The best app or website for finding chargers is PlugShare. Most DC fast chargers today are operated by a company called EVgo. You go to their website and create an account. If you drive long distances with any frequency in California you may find it ultimately cheaper to pay for their $15 a month subscription plan but you can also pay nothing per month and pay more instead each time you actually charge. Many of their stations also take credit cards now. Be careful, because their stations have timers that shut off after 30 minutes of charging and this is not at all obvious at first to new users. If you need a big charge in a Bolt EV you may need to use 2 30 minute charges.

DC charging goes faster when the battery is less full (basic battery chemistry) so ideally you stop to charge when the battery is 10-20% full. I aim for 15% but it's better to be conservative the first few times until you get a good feel for estimating your battery range as you drive. If you are using up the battery too fast then slow your car speed to increase your efficiency.

If you do most of your DC charging between, say, 15-55% or even 15-70% then your overall trip will be shorter if you drive faster on the road. So, plan to drive as fast as you want (70-75 mph) and then slow down if you need to be more efficient to get to your next charging stop. Easy.

On my last trip, I planned to drive 170 miles starting with a full charge (I turned off Hill Reserve Mode) from San Francisco to Madera but when I arrived I still had an estimated 87 miles of range even though I was driving around 65 mph. The next charger was 65 more miles so I kept my speed between 60-65 mph and arrived in Visalia with 28 miles of range left (11% battery charge). That was cutting things a bit close but I charged for a hour while eating lunch (ducking out to restart after the 30 minute timeout) and added a total of around 160 miles of range. Then I drove to Bakersfield, did a 30 minute charge, and that got me to Pasadena which was about 400 miles from when I started in SF. All very pleasant and easy.

It's good to have some other charging provider cards as well. I have ChargePoint and Greenlots and used both along the way once or twice for 240V AC charging at a restaurant and a motel before getting back home. I also have a Blink card and could have used it also but didn't need to.

Within another 2-3 years we will have much more highway charging infrastructure thanks to VW and their dieselgate legal settlement with EPA and CARB which requires them to install a lot of new chargers everywhere.

Have fun!
 

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I don't think the range would be as low as 130. I just did a high way trip yesterday up into the mountains west of me (Appalachian mountains, so certainly no cali mountains) Cruise was set to 70. Temps was in the 80s, really sunny day so the road itself was hot. The trip there was 65 miles and I averaged 3.2 miles per kWh. So had I driven at that speed in those conditions I should have been able to get 192 miles out of the full charge. Way home was a little better, cruise at 70 again but this time more down than up so I averaged 3.6 on the way home, while running the AC at 65 there and back. Oh this was also with a bike rack and MTB on the back of the car, hitch mounted rack.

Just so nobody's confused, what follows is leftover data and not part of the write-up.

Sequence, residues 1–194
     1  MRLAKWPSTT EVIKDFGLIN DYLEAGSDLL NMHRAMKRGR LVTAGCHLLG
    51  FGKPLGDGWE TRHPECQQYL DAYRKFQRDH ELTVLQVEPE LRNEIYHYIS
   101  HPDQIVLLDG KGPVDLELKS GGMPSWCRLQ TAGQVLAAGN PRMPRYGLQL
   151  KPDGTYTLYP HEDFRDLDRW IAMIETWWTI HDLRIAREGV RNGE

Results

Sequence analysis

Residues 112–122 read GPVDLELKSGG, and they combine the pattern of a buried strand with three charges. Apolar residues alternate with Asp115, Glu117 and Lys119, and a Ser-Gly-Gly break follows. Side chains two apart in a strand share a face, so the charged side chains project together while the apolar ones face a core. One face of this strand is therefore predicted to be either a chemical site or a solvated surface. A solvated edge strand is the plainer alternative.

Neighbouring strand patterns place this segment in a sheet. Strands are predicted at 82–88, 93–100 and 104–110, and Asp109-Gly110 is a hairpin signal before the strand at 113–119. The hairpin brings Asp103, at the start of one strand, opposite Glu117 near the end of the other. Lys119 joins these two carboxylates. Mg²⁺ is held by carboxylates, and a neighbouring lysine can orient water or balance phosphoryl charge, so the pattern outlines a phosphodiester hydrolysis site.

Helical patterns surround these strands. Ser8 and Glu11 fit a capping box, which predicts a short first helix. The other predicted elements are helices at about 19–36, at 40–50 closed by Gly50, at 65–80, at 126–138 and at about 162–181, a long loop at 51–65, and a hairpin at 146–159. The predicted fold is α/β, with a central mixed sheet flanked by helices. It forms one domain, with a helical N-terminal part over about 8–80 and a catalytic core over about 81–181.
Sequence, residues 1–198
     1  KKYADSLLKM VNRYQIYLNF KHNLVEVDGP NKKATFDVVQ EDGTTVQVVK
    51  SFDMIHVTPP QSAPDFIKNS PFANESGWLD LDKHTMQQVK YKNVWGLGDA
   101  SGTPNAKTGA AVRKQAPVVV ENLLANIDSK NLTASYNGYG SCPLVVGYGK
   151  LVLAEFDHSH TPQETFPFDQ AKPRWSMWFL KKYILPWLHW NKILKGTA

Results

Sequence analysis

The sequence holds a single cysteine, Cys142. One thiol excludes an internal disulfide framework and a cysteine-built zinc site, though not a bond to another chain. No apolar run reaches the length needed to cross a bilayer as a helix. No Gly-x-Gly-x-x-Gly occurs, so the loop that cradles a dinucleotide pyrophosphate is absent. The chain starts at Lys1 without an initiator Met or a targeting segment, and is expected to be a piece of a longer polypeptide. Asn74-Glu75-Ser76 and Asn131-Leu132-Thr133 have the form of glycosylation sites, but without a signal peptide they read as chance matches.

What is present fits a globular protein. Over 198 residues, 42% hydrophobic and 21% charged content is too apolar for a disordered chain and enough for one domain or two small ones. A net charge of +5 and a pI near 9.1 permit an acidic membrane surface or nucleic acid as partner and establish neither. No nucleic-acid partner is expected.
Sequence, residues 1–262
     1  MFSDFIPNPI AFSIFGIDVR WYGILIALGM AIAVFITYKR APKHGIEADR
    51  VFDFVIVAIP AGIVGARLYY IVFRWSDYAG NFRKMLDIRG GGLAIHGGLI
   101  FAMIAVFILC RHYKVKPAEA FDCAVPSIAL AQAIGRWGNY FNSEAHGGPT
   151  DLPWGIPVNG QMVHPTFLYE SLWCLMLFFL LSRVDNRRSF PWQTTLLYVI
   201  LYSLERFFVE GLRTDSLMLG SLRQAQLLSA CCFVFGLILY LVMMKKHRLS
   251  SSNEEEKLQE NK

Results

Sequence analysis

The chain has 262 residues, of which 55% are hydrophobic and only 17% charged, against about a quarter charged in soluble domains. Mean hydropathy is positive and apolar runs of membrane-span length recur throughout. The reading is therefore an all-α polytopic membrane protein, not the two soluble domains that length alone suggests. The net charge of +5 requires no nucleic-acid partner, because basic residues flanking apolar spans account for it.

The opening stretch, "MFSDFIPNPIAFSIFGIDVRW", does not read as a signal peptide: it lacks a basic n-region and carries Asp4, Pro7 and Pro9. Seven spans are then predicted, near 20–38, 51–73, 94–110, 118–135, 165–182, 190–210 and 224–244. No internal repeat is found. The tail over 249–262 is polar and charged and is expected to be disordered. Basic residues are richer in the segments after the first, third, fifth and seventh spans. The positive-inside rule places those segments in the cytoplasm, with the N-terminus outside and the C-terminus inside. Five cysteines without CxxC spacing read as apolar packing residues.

Granted that is my experience in the conditions I was in and as others have pointed out conditions are a big influence. I know there wasn't much of a wind yesterday and since I was going through rolling hills I wouldn't get much of a headwind, at least not constant. Guess meter told me I still had 78 miles left after the 130 mile round trip. Had I set the cruise to 65 like I should have I could have gotten slightly better range. Not sure I would ever go less than 65 on the highway I was on, speed limit is 70 so most are going more like 75 or 80.
 

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I travel highways every day for my one hour commute. Without air conditioning I am right about 240 mile range and with air conditioning at worse I am about 200 mile range. Btw I always am about 5 mph above the speed limit. So I am 70 to 75 mph the entire trip. When I get into bad traffic I can get about 270 mile range. I go hilltop reserve and after driving my 130 daily commute I always have more than 70 miles left on range. The only way to come close to 130 mile range is running your heater on a cold day and speeding in the 80+ mph range. If you pay attention to speed and reduce climate control, you should easily just need one top off.
 

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Tire pressure also plays a big "roll" when calculating range. "Pun intended"
I run mine @ 49 PSI cold. Added weight, like luggage will also drop range expectations/calculations. Driving fast is the number one range killer along
with tire pressure settings. We all want a soft ride, but at when expense ?
 

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Discussion Starter #9
Thank you for all the responses. I learned a lot of things by reading each response.

My key takeaways:

- speed kills range: going slower will make me reach faster
- head winds: I cant control, but something to be mindful about
- more DC chargers on 99 (I should take this over 101 then)
- DC charging goes faster when the battery is less full
- It's good to have some other charging provider cards - I have Chargepoint, EVgo, will look into Greenlots
- Tire pressure also plays a big role